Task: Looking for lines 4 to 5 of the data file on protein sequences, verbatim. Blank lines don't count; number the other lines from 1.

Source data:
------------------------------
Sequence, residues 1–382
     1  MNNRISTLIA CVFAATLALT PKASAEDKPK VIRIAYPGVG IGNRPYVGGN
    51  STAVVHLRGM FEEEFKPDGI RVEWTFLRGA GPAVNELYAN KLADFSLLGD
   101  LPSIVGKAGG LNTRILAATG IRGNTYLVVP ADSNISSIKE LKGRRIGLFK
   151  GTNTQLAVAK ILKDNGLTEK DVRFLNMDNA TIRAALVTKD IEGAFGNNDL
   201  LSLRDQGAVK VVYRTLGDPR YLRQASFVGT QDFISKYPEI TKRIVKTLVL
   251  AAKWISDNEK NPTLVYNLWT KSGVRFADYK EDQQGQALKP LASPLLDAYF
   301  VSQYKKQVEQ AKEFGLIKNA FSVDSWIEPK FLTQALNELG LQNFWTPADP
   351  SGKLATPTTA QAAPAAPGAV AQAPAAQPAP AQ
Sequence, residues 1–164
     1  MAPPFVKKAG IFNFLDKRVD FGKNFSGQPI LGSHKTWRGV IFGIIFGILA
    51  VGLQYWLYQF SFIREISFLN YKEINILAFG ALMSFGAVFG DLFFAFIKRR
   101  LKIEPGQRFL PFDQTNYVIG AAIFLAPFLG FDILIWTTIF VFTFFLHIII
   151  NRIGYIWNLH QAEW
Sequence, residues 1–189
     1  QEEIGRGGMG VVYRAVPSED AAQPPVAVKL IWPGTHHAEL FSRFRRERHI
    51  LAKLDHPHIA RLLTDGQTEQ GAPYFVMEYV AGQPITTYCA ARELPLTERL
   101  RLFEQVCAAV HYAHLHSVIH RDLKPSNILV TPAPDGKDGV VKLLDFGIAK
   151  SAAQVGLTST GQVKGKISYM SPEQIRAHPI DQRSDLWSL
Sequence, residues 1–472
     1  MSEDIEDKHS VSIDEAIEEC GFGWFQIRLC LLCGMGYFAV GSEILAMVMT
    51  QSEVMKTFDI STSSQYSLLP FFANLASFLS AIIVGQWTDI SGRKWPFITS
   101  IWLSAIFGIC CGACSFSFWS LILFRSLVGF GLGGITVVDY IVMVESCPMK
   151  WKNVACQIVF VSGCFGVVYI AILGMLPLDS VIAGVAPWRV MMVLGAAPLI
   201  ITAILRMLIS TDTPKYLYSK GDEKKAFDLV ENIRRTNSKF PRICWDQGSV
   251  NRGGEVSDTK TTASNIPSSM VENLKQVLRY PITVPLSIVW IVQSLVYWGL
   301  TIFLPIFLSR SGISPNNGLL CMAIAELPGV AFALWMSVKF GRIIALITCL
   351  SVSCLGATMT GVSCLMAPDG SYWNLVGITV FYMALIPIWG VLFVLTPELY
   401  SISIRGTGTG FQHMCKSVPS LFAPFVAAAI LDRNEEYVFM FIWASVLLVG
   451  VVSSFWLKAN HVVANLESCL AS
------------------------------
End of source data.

   101  LPSIVGKAGG LNTRILAATG IRGNTYLVVP ADSNISSIKE LKGRRIGLFK
   151  GTNTQLAVAK ILKDNGLTEK DVRFLNMDNA TIRAALVTKD IEGAFGNNDL